The Laffer curve purports an inverted U that defines the relationship between tax rates and revenue. Where is the top of this U? How low is too low? Or, could it possibly be, that we're way left of this peak and moving right would indeed increase revenues?

Hey, remember when we had a gangbuster economy in the 90s? When we balanced the budget? How did that happen given the fact that we were SO BURDENED by a 41% top tax rate?

Posted by: gobaers | August 2, 2010 2:51 PM | Report abuse

"I don't think 'liberals' want to maximize tax revenue. Liberals rightly see that tax revenue is related to what services the government offers."

Therein lies the problem. Liberals always want to increase the services that the government offers, and then they want to raise taxes to pay for them. Conservatives want to keep taxes low, and reduce services to those that can fit within the national budget. The Republican congress during the Bush administration was not good at doing this, which is why they got booted out.

Posted by: cummije5 | August 2, 2010 3:04 PM | Report abuse

Journalists relentlessly ask a tough, content-laden question of Republicans -- that is funny!

Posted by: gagkk | August 2, 2010 3:05 PM | Report abuse

cummiej5, nice try, but of course, for the equivalence to work, you'd need to find liberals who think the government should own the entire economy. liberals, as has already been noted, want revenues and expenditures to be related, and to be in general fund balance over an entire business cycle.

right-wingers believe that tax cuts pay for themselves and are always and in all times good, and therefore subject to the conditions i outlined.

but kudos for trying....

Posted by: howard16 | August 2, 2010 3:14 PM | Report abuse

"The Republican congress during the Bush administration was not good at doing this, which is why they got booted out."

HAHA.

Pretty good stuff, there. Actually, GW got booted out because he got the US embroiled in *two* Vietnam-style quagmires, while simultaneously presiding over the second worst economic disaster in American history.

Your analysis that Bush's unpopularity came from being insufficiently devoted to tax cuts is pretty cute, but doesn't reflect well on your skills as a political observer.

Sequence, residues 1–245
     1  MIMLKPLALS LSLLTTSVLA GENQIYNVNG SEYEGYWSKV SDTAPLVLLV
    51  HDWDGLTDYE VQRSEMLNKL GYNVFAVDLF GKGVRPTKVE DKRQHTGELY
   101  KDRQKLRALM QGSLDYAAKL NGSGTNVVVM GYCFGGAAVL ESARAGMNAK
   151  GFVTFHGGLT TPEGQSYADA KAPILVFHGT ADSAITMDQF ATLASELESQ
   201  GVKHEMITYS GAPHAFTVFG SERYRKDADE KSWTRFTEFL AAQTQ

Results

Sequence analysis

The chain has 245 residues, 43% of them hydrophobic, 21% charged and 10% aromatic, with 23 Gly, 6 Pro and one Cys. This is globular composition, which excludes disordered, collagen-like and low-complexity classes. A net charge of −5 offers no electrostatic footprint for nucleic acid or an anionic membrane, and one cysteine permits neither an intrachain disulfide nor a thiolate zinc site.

Posted by: ibc0 | August 2, 2010 3:32 PM | Report abuse

I don't think that conservatives want to reduce government services. Just look at the "Gov't keep your hands off my Medicare" signs at the Tea Party events.

Social safety net policies have proven popular over and over again. The Conservative gov't in England specifically ran on a "won't touch the NHS" platform.

I think conservatives historically want the government to run leaner and more efficiently. However, I think the current Republican party cares more about low taxes than good government. They had plenty of opportunities in the HCB, FinReg, etc to make substantive conservative tweaks that would have made a difference, and they didn't. Instead, they yelled that Democrats wanted to cut off your Medicare.

Posted by: mschol17 | August 2, 2010 3:42 PM | Report abuse

"Steve Pearlstein's rule of thumb is 50%, counting all taxes (Federal, state, local). This seems pretty accurate to me, and explains the Kennedy and Reagan tax cut success."

What Reagan tax cut success?

Posted by: thehersch | August 2, 2010 5:04 PM | Report abuse

ha, I think that question will make their heads explode!!!

The truth is that they aren't cutting taxes on the rich to maximize revenue, begin even Auther Laffer concedes that we're probably below that point on the curve. Don't be fooled, the Republicans are pushing to preserve the taxcuts on the rich purely for political reasons, because quite simply, that is who they serve. They don't give a damn about the debt, at least not when they're in power.

Posted by: SnowleopardNZ | August 2, 2010 7:30 PM | Report abuse

""Steve Pearlstein's rule of thumb is 50%, counting all taxes (Federal, state, local). This seems pretty accurate to me, and explains the Kennedy and Reagan tax cut success."

What Reagan tax cut success?"

Economic growth in the 1980's as compared to the 1970's.

Posted by: jnc4p | August 2, 2010 9:42 PM | Report abuse

jnc4p: "'What Reagan tax cut success?'

"Economic growth in the 1980's as compared to the 1970's."

Ah yes. And then what do we say in the aftermath of the H.W. Bush and Clinton tax hikes when we compare economic growth in the 1990s as compared to the 1980's? And then what about growth after W's massive tax cuts compared to the 1990s?

Look, the point of Ezra's question was not to maximize revenues; it was to ask conservatives where they think the Laffer Curve flattens out. If we're on the left side of that point, then tax cuts will not pay for themselves and need to be balanced by spending reductions--which Republicans are curiously reluctant to delineate.

One would think that when H.W. Bush and Clinton raised taxes, especially on the wealthy, and the economy did not crash while coming out of a delicate recession but instead showed sustained growth benefiting all income levels, supply siders might reconsider their theory. And when W cut taxes and we got anemic growth for 8 years, they'd really reconsider and perhaps entertain the notion that the economy just doesn't respond to a few percentage points difference in marginal income tax rates, at least at present levels.

But why should ideology allow evidence to get in the way of a perfectly good theory?

Posted by: dasimon | August 2, 2010 11:36 PM | Report abuse

--"Ah yes. And then what do we say in the aftermath of the H.W. Bush and Clinton tax hikes when we compare economic growth in the 1990s as compared to the 1980's?"--

"We say" that economics is more complicated than your simplistic take can encompass.

And that those who spend their lives planning how to maximize what they can steal from others deserve neither respect nor even politeness.

Posted by: msoja | August 3, 2010 10:16 AM | Report abuse